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  • "Deluxe two CD + DVD Edition. 2013 live release from the Tampa, Florida-based Heavy Metal outfit. Since Dystopia was released in October of 2011, Iced Earth has been on the attack in a big way, playing more shows in the past year than in the previous 10 years...combined! Early on in the World Tour the band decided that they wanted to capture this newfound energy and passion on film and tape. When the offer came in to film at the ancient Kourion Theater in Limassol, Cyprus, they were immediately attracted to that idea. The history and culture there, as well as the Cypriot audience, which the band experienced in December 2011, solidified the decision to record in Cyprus. Filming and recording a 2 1/2 hour show in an amphitheater that is 6000 years old and is not set-up for a Rock concert, paired with 40-degree Celsius heat, were just some of the obstacles to overcome. But the finished product makes up for any of the challenges that the band and crew faced on that special night."
    $16.00
  • "Think of the new Megadeth album like this: take Endgame and add a large dose of Youthanasia and Countdown to Extinction, then mix it all in a blender and you’ll get a good idea of how it sounds. For die-hard Megadeth fans (like me), the album is a catchy, solid slice of good metal. Much like Endgame and United Abominations, Th1rt3en has a few weak spots, but is generally a decent album. Far from just generic recycling however, it has some fantastic highlights.The three opening tracks easily fit with some of Megadeth’s classic material, as Dave Mustaine has lost none of his talent for catchy melodies and thrash-metal attitude. Well produced and composed, the album flows much better than Endgame and more consistently than United. Dave’s voice retains much of its character but is not what it once was. He has wisely chosen to stay in his lower range, perhaps in order to avoid having to use his falsetto (…case in point). A curious thing about this album is its inclusion of earlier Megadeth material from past sessions. One of my favorites has to be Black Swan, from the United Abominations-era. As it happens, Dave’s voice was still in good condition in 2007, and it shows. Lyrically, Dave sticks to standard Megadeth-themes: the apocalypse, personal demons, ect. Some of the lyrics here are very compelling and well-written, but his pedantic musings on the “New World Order” have become a little obnoxious. Dave’s lyrics on political paranoia and deception worked very well with cold-war topics like those on Rust in Peace, but nowadays I can only cringe when he mouths off about The Illuminati and a “one world currency”.  That and, for obvious reasons, I would advise some caution when writing lyrics that denounce “A book written by man, use to control and demand” (from New World Order), when you espouse a similar book in your private life. I won’t even start with the lyrics on Fast Lane (you’d think Dave would have learned from Moto Psycho, ugh). Anyway, I should say that the guitar playing from Dave Mustaine and Chris Broderick is absolutely mind-blowing and it’s great to have Dave Ellefson back in the rhythm section as well. Aside from some of the things I've moaned about here, I found Th1rt3en to be a very satisfying Megadeth album." - Metal Injection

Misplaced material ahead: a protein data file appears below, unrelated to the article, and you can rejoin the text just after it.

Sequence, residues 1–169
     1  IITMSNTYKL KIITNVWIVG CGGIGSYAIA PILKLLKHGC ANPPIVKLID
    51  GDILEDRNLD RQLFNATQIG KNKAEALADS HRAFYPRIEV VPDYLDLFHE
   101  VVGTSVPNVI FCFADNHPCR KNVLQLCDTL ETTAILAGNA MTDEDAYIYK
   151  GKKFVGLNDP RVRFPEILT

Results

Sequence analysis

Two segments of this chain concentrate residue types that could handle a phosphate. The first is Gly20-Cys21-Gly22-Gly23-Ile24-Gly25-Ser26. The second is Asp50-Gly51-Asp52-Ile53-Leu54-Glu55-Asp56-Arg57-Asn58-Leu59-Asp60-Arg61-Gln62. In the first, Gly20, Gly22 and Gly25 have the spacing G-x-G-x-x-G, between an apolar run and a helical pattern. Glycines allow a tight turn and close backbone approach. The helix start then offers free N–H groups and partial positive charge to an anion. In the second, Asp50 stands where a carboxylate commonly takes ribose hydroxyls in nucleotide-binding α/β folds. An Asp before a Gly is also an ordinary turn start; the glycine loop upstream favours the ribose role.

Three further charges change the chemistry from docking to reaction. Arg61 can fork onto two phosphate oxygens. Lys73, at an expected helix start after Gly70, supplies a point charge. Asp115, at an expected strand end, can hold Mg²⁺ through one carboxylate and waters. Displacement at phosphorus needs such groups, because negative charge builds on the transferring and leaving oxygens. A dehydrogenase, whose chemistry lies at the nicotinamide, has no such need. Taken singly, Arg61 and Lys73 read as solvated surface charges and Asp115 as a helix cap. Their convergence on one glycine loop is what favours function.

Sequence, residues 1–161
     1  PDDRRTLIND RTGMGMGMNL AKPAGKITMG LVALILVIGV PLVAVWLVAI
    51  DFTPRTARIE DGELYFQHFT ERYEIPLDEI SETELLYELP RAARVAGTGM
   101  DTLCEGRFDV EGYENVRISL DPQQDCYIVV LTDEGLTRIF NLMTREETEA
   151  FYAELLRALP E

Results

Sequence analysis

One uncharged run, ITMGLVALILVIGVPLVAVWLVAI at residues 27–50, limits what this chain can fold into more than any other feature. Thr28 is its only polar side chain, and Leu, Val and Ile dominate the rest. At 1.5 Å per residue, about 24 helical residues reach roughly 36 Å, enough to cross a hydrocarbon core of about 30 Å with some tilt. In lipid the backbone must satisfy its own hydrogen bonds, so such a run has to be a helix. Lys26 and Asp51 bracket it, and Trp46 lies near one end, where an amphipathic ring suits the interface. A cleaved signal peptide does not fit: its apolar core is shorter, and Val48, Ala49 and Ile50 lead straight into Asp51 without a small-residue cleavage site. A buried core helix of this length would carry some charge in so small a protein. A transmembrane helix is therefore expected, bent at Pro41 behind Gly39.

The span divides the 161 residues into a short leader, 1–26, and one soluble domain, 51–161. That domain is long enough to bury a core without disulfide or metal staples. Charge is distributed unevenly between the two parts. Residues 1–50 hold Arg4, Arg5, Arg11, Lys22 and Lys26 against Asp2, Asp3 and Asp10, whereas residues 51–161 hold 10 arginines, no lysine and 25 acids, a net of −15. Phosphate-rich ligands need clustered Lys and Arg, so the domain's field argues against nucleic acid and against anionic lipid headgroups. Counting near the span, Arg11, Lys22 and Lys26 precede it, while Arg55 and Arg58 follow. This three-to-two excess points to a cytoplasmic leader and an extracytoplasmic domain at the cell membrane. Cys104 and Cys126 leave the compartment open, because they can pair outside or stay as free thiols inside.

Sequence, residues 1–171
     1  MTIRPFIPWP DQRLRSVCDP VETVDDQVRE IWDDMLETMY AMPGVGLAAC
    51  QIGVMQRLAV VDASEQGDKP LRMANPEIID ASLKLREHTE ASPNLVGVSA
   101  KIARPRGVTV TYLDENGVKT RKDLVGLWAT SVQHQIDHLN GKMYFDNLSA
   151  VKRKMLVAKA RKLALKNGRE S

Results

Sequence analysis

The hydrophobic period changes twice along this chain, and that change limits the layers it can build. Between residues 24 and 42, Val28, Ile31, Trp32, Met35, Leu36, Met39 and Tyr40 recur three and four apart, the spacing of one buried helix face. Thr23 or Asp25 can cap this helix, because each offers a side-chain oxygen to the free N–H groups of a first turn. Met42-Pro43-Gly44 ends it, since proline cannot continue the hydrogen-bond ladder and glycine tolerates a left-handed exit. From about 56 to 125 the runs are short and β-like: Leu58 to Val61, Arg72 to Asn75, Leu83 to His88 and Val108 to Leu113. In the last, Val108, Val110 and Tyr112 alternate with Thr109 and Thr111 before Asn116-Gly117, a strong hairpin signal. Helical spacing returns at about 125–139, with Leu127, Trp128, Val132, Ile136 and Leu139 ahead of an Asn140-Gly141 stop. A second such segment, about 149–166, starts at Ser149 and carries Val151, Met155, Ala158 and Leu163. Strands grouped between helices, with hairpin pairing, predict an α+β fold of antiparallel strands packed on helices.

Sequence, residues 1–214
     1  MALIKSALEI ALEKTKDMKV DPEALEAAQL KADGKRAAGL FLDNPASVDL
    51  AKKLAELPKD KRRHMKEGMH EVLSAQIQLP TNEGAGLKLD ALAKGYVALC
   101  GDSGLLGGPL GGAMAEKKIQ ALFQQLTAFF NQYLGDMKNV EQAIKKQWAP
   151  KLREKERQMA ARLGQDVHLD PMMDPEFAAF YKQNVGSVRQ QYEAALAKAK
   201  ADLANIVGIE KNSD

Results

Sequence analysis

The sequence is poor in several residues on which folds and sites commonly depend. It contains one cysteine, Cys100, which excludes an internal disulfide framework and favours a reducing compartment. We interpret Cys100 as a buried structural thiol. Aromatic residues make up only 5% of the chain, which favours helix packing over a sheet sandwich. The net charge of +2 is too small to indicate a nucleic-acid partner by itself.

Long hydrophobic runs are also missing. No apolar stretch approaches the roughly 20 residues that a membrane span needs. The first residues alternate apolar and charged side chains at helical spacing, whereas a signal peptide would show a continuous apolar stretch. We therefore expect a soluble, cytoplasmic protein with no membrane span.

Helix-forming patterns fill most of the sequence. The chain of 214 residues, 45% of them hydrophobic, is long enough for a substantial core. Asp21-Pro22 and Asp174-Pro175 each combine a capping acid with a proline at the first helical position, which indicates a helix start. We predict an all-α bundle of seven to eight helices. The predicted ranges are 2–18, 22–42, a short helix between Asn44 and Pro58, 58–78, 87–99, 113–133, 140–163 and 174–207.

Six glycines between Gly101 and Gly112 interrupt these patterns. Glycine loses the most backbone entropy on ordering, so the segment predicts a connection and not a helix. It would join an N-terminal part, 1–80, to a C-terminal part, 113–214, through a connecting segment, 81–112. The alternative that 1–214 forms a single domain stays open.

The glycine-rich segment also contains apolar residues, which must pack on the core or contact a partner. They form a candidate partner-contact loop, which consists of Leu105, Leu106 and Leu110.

$10.00
  • Reissue of the first album from this legendary SF thrash band. Comes with two live bonus tracks.
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  • Reissue of the first album by the legendary thrash band. This was originally released on Combat.